Branch launches cross-channel cohort analysis for app marketers
The deep-linking firm says it can offer fast cross-platform, cross-channel analysis of audience segments without data-intensive methods.
Marketers need to understand users’ behavior across platforms, and Branch is launching a new cross-platform, cross-channel cohort analysis on Thursday that it says provides a quicker way to do that.
Based in Redwood City, California, Branch began as a provider of intelligent “deep-links” that linked from an email, mobile web site page or in-app ad to a specific screen inside a destination, usually a mobile app. If that app wasn’t yet installed, the deep link opened to the app’s listing in an app store to download it.
Cohort analysis from engagements. With this new cohort analysis, Branch is going beyond its previous event-based reporting, such as how many users installed an app after clicking on a specific link. Now, it is tracking cohorts of users across platforms and over time. Initially, it will track groups that install an app from Branch links, or re-engage with an app after installing it or who re-engage a web site after clicking a Branch link.
Branch’s links can reside in virtually any platform, including emails, ads, mobile or desktop web sites, mobile apps and more.
This cohort analysis is part of Branch’s focus on more extensive analysis. Earlier this year, it bought the mobile attribution service of mobile platform Tune. But the new cohort analysis capability, Product Team Head Nicholas Bonnet told me, was in development prior to the Tune acquisition.
Cross-device matching. The new cohort analysis relies on several methods to determine when clicks from separate devices are from the same person, Bonnet said. It then can track that user’s activity across platforms or channels, along with others in the same cohort.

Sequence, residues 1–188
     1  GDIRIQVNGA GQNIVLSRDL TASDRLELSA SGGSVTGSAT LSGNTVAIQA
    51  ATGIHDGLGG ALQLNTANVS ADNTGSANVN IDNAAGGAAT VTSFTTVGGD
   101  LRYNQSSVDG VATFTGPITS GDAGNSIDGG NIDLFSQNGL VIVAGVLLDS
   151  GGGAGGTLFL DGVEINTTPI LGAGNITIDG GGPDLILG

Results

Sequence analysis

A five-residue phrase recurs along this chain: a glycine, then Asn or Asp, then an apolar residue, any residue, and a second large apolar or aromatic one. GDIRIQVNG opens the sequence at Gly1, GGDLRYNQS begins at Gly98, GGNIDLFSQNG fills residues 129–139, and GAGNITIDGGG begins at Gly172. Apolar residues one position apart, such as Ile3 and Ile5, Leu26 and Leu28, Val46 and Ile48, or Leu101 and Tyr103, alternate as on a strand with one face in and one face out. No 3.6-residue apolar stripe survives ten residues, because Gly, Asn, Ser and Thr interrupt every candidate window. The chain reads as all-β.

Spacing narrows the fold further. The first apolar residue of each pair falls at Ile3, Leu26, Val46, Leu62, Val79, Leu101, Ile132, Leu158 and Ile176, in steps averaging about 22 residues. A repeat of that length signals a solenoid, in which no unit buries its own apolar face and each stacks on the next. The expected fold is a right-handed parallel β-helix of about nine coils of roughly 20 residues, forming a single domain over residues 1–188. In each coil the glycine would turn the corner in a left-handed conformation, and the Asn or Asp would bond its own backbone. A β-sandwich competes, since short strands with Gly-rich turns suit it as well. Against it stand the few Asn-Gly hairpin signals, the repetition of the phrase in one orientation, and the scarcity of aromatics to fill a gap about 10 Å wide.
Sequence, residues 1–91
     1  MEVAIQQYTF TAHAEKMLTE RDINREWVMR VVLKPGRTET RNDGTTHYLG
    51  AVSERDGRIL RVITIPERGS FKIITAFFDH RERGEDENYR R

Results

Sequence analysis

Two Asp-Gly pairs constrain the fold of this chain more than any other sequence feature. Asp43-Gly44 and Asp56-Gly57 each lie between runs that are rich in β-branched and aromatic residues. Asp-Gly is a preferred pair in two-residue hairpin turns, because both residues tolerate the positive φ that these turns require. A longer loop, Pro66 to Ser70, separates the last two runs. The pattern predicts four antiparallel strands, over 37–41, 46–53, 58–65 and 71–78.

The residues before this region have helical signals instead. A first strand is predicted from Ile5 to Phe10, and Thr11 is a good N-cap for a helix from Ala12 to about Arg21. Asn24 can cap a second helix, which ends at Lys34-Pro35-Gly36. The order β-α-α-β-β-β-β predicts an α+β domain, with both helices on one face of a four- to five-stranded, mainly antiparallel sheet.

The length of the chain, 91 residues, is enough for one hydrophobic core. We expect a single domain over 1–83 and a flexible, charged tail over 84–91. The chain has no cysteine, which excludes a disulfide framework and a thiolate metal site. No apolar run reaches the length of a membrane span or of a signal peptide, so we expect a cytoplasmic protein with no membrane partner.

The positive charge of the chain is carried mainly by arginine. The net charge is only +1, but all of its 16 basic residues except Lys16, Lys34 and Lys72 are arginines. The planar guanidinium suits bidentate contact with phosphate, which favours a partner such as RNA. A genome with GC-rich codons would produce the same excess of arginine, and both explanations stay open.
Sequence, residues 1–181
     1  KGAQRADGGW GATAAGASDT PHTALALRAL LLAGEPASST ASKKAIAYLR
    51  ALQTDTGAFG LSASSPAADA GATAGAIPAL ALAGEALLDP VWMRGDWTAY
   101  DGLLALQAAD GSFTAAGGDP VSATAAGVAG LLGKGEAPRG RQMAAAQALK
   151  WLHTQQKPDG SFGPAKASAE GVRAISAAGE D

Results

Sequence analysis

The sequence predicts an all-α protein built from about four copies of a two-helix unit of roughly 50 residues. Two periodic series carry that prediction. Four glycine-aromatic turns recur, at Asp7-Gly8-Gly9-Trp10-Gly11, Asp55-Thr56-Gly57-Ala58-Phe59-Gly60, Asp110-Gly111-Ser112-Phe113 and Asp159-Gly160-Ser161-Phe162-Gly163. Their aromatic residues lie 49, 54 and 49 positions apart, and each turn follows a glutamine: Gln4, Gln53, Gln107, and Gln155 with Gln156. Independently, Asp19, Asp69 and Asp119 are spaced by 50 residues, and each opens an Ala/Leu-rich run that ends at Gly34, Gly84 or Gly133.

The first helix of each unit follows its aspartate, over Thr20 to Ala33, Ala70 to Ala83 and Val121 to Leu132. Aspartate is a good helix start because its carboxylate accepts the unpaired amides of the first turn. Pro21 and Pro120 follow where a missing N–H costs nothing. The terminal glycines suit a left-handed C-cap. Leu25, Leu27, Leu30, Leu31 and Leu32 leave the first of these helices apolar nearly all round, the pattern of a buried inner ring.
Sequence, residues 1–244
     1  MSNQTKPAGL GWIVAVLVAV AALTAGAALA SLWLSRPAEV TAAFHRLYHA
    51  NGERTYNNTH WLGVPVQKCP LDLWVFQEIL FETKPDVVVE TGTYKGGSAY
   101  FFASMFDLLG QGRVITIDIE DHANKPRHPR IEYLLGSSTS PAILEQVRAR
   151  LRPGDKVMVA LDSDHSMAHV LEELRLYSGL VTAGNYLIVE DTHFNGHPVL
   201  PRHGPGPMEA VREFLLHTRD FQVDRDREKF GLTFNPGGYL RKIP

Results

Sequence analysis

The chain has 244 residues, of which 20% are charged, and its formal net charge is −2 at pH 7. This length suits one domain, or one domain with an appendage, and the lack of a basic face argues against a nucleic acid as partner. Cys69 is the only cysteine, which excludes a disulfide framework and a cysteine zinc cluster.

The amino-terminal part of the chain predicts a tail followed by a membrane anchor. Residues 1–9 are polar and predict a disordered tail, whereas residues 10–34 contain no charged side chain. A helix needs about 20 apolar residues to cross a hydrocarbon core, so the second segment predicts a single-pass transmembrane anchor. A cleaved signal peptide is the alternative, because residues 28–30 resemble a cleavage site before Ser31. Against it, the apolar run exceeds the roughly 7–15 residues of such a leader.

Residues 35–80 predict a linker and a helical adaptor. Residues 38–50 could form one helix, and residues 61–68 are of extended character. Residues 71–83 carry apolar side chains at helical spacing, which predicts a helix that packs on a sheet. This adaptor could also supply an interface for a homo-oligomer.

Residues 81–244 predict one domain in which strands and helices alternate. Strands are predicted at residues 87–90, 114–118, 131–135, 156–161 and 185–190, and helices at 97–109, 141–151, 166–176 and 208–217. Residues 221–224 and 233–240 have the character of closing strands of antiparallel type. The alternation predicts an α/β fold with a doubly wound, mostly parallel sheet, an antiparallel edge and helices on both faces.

For instance, he said, an email opened on a desktop could encourage a user to return to the app, and a Branch link in that email could generate a message with a link on a messaging app, such as Facebook Messenger. If the Messenger link is opened on a smartphone, Branch knows it’s the same person. Or the link on the desktop could generate an on-screen QR code, which the user then scans with her smartphone — again, connecting the two. Sometimes, he said, clients can provide their own data to connect its customers across platforms.
Why you should care. This cohort analysis allows marketers — especially marketers of apps, but potentially others as well — to track lifetime value or return-on-investment across platforms by a certain audience segment.
Typically, Bonnet said, performance-based marketers will look only at the retention of app users for a certain number of days after an app install, rather than analyze their multi-channel behavior. He added that a cross-channel analysis — created in part via intelligence from clicked links — lets marketers better allocate their promotional budgets to the most effective channels.
Of course, other providers also generate cross-platform and cross-channel analysis, or even a more extensive people-based analysis, allowing marketers to follow users across platforms.
The key difference here, Bonnet said, is that marketers can more quickly set up a cross-platform analysis of an audience segment of similar users, all driven by intelligent links. This contrasts, he said, to the extensive analysis and connections between major datasets that are otherwise often required to set up cross-platform and cross-channel identification of users.
An additional advantage for mobile marketers is that they can get a broader view of the behavior of a given type of app user, across channels. For instance, the mobile app marketer might be able to more quickly learn that users who install a new game app and start using it immediately exhibit other positive behaviors for the brand such as visiting that game publisher’s desktop site..